Despite a massive effort, he missed out on Breaking 20. But this year, on 27 August, he’s attempting to do it again – this time armed with new knowledge to push him through the finish line in under 20 hours.
In 2020, Pau Capell dreamed of running the 171km UTMB course in less than 20 hours. It would shave off more than 19 minutes from his course record-breaking win from 2019. There wouldn’t be any aid stations, spectators or other competitors. It was a massive ask.
Though Pau beat 2299 competitors to win the Ultra Trail du Mont Blanc (UTMB) in a course record-breaking time of 20 hours, 19 minutes, he didn’t quite break 20. But that hasn’t stopped him. This year, on 27 August, he plans to break his own record by completing the 171km route in under 20 hours. Can he succeed?
After a football-career-ending injury, Pau turned to trail running for rehab. Just a few years later, he had become one of the world’s best ultra-runners, winning the Ultra Sierra Nevada, the Ultra Trail Mallorca and Transgrancanaria. He was crowned Ultra Trail World Tour champion in 2018 and 2019.
KENYA: THE REVELATION
When you want to improve, you must go to the best. In Pau’s quest to lose one minute from every hour from the 20-hour run, he ended up where the world’s best runners live - Iten, Kenya; the home of the champions.
Here, the best of the best all live in a single village on the plateau that dominates the Rift Valley. Runners there live a simple life centred around running, resting and living together.
Through training with the Kenyan athletes, Pau encountered many difficulties. The terrain, the altitude and the overall conditions made the experience quite intense. However, the more familiar Pau became with the Kenyan running culture, the more he realised that the solution he sought was not at all what he thought it would be.
Pau went to Kenya with the serious intention of improving his speed and bettering his technical performance – particularly on flat ground, where he felt he had a greater margin for improvement. But what Pau learned had little to do with technique.
He learned that you never run alone, but with others. You need others around you to run better – even those that run better than you.
Before the first training session, Pau was surprised by how aloof the Kenyan runners were with each other. But that soon changed the second they started the clock and started running.
“We didn’t share that friendly camaraderie right from the beginning. Maybe because of nerves. When we started running, it was the opposite feeling. We started to talk. We came together, went out as a group. And our friendship grew from there. It’s like our friendship began when we started running”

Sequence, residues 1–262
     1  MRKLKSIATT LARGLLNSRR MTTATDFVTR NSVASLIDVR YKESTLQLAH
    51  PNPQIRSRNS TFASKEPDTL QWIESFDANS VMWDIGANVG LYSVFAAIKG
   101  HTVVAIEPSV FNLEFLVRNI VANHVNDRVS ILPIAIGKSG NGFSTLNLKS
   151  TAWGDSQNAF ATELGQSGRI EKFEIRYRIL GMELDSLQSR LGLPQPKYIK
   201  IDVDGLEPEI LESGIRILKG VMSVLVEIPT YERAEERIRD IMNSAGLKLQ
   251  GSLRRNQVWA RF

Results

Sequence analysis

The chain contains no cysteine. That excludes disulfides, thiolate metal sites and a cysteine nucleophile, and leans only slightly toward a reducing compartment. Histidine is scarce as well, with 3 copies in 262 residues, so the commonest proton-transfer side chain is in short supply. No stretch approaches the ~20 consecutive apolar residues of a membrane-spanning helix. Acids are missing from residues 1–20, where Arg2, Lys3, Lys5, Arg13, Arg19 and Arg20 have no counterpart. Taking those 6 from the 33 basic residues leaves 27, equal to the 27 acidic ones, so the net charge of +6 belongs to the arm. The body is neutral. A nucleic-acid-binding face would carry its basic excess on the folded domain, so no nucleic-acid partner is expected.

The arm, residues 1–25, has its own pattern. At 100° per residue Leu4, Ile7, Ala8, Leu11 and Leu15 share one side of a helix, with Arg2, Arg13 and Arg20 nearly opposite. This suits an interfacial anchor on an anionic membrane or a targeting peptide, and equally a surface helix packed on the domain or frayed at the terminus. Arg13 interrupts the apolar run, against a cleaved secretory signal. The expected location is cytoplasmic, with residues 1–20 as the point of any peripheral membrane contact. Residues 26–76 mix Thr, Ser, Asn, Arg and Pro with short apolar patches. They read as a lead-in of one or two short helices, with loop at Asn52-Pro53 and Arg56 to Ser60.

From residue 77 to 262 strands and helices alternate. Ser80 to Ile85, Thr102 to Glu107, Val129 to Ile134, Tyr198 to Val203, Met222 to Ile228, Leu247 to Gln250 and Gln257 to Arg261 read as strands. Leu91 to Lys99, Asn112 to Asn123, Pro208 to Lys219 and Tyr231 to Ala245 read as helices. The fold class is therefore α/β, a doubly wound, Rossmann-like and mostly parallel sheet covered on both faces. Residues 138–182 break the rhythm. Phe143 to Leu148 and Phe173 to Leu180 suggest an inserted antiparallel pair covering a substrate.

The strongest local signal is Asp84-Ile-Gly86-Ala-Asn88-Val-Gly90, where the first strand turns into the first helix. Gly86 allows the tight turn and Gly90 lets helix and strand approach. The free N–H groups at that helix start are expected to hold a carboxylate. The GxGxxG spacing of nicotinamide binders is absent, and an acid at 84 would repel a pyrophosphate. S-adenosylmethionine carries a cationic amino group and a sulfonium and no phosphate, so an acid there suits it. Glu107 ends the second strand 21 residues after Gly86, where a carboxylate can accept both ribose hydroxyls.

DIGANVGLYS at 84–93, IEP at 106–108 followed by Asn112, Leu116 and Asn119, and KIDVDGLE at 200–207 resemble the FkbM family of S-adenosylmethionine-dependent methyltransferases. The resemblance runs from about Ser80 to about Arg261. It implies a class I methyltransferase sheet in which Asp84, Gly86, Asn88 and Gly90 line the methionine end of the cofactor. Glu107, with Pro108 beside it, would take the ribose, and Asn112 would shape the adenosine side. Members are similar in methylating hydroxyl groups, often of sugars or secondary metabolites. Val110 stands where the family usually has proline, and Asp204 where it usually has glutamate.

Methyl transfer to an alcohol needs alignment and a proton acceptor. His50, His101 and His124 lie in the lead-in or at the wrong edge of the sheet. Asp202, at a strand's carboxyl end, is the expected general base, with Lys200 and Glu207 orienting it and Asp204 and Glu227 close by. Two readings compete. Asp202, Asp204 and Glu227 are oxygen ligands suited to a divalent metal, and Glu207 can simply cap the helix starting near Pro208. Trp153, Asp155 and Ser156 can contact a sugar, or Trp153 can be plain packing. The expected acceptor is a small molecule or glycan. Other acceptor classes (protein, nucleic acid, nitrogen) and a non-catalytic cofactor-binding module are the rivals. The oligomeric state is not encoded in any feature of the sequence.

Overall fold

The Kenyan athletes’ elegance was unquestionable; their technique perfected in their earliest years. But after spending time training with them, Pau learned that Kenyan runners have a remarkable ability to relax while they run. They still make full use of their bodies, but they bring down the tempo and remain in the moment while they run, which helps to push them through.
“In Iten, I felt like I was in the birthplace of running. Where it all started, its roots. I started trail running because I was told to run. And when I got to Iten, I said, “Now I get it. Now I see what running truly is”. It’s going out at 6 a.m. with a group of 100 people to start a fartlek run. And I saw the essence of running.”
FAMILY MEANS EVERYTHING
Every athlete is first and foremost a human, and like all humans, they aspire to be happy.
Pau is happy – and that’s because he’s able to do something he loves; running. Although his approach to running might have been accidental, his choice of discipline was not. Ultra-running allows him to run most naturally and spontaneously.
But running aside, Pau is not just a happy athlete – he’s a happy individual. And that’s because he’s not alone. In fact, running brought him the opposite of isolation. It allowed him to approach his relationships with his family and those around him in a new way. Although he runs alone, he wouldn’t get very far without a team supporting him.
“In races, you run with people, but everyone has their story, and everyone has their emotions, their family. And that also makes it special because you can share it with other people.”
What Pau learned in Kenya had been hidden inside him all along, but it was brought to light through a few simple words shared with him by the Kenyan athletes: “If you want to go fast, go alone. If you want to go further, go with people.”
For Pau, his outlook on running has now changed.
“Don’t ever forget the people by your side. When you forget about the people you love and only focus on your goals, the castle will crumble. It’s important to maintain that balance.”
“Now, I obviously want to win, but I want to share it. I want to have someone to embrace when I cross the finish line. My partner, my parents. That’s winning.”